Erica put on her half-glasses and banged the gavel. “The Tarver Elementary School PTA meeting will come to order.” Erica, silver-haired and slim, with just the faintest trace of a Southern accent, was one of the first grandparents to join Tarver’s PTA. A dearth of volunteers had called for drastic measures, and allowing extended family to join had swelled the Tarver PTA’s ranks nicely.

I took roll and tried not to wince when I called Claudia Wolff’s name. Our former vice president, Julie Reed, a perky young mother, had come down with twins last year and, understandably, had to resign. In her stead was Claudia Wolff, the PTA’s perennially underappreciated volunteer.

Well, underappreciated according to Claudia, and to be fair, she was probably right. She labored for hours on PTA projects, but spent just as much time asking people to feel sorry for her because she was working so hard on PTA projects.

I tried to like her, honestly I did. One night when the kids were in bed I even sat down and made a list of Claudia’s good points. “Works hard,” I said, writing the words on a yellow legal pad. She was a tireless worker. She’d come early for setup during bake sales, and she’d stay late to help put things away.

“Reliable.” Never once had Claudia forgotten to bake cupcakes or call her branch of the phone tree or missed a PTA meeting.

“Sincere.” Claudia wasn’t the type to say things behind your back. No, she’d tell you to your face what she thought of your ideas, your choices in clothing, and your parenting methods. No one had to wonder what Claudia thought; it was out there front and center.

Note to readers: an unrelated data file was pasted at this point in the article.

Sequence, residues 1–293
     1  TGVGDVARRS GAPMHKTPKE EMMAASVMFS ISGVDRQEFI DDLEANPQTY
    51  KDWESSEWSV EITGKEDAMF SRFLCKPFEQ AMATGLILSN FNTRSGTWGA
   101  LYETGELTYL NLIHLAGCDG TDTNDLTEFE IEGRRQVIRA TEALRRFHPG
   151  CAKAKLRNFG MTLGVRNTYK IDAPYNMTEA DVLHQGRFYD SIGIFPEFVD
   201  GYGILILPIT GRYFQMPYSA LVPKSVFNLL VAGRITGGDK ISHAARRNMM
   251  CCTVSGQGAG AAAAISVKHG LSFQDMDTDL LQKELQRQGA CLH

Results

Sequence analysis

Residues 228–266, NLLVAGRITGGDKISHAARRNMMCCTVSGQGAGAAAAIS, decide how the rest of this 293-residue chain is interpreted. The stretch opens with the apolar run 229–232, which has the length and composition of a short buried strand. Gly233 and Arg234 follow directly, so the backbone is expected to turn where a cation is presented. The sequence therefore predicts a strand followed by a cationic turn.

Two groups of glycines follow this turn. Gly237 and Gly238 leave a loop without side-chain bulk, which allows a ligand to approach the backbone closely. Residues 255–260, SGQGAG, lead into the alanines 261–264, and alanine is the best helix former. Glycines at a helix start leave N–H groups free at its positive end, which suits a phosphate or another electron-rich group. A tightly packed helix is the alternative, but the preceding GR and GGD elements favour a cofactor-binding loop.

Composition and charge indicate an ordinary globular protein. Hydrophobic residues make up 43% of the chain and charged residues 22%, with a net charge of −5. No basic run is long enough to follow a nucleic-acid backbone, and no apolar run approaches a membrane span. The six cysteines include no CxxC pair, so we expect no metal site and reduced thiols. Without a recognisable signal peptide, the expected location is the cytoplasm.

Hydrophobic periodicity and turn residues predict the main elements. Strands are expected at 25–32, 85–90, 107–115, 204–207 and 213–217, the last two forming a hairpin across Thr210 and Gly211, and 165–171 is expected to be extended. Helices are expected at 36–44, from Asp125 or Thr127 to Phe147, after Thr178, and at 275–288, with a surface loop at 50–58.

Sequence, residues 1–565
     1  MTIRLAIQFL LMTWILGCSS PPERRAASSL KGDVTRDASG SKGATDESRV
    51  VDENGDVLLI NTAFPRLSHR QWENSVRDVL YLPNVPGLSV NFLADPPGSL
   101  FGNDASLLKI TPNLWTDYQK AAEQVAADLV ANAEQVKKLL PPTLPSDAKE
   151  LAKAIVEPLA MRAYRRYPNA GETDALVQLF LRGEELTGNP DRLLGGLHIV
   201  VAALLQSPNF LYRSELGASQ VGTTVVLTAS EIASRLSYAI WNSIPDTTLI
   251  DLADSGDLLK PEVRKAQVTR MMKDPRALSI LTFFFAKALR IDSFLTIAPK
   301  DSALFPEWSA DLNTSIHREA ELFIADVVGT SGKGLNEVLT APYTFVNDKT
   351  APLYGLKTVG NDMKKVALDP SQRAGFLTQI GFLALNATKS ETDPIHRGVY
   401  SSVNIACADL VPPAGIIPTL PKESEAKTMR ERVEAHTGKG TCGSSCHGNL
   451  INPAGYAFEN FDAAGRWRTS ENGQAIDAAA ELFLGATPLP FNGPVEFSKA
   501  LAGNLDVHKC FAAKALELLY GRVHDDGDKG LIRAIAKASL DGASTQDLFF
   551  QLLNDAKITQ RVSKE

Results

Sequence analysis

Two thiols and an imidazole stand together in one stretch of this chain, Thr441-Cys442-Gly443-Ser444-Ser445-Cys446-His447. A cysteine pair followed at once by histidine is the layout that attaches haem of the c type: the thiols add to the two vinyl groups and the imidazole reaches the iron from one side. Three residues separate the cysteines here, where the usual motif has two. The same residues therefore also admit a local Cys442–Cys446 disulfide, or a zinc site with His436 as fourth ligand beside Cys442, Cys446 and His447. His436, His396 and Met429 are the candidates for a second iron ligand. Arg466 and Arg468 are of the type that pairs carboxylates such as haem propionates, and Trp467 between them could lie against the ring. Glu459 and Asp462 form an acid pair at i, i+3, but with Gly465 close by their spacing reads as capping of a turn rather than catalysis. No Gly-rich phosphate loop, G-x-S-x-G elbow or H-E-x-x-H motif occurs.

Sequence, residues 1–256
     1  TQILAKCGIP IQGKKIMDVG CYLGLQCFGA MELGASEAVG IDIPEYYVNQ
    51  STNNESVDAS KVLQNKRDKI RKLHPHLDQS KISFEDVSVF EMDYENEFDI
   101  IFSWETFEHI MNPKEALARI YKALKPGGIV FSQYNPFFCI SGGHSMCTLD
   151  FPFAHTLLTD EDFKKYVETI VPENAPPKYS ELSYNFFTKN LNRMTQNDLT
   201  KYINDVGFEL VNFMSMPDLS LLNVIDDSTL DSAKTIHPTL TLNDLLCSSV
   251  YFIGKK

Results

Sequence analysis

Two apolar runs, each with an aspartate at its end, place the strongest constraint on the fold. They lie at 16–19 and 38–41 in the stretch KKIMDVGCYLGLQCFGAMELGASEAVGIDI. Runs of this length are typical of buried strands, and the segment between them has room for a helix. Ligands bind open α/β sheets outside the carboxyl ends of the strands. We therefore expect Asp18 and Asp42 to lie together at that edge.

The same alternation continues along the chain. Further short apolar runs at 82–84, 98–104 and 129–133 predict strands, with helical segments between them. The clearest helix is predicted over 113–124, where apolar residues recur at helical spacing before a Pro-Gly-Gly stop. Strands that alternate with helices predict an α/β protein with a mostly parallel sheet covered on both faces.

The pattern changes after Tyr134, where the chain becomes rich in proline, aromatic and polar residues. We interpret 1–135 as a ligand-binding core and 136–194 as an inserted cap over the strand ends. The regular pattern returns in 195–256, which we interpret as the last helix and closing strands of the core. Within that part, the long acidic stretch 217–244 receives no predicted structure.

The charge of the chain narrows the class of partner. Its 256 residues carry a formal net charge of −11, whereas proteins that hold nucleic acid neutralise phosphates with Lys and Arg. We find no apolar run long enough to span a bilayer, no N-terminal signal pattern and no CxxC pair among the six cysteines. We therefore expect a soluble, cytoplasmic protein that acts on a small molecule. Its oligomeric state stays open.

I’d never gotten any further with the list because Oliver had woken with an earache and I’d had my hands full the rest of the night. Now, as I finished taking roll, I tried to keep the three things I’d written down in the forefront of my mind. If I could continue to think well of Claudia, and if I could stay away from Randy’s pant leg, the meeting would be a rousing success.

We pushed through the only old business item, the upcoming Father-Daughter Dance, and all through the dance committee’s report my mouth grew drier and drier. If I tried to talk, would my voice work, or would it just squeak?

“Next up is new business,” Erica finally said. “Item number one is a new spring project.”

My hands were sweating. What if everyone thought my idea was dumb?

Erica looked at me over her glasses. “Beth, you have the floor.”

“Thanks.” I took a deep breath and looked out at the audience. Isabel Olson was in her son Neal’s seat. Sam Helmstetter, dubbed the Nicest Guy on the Planet, his nice brown plaid scarf still around his neck, had his head tilted toward Tina Heller, who was giggling. Sam’s expression was one of patient fortitude. He was used to Tina. The Hellers and the Helmstetters, in addition to their close proximity in the alphabet, lived backyard to backyard.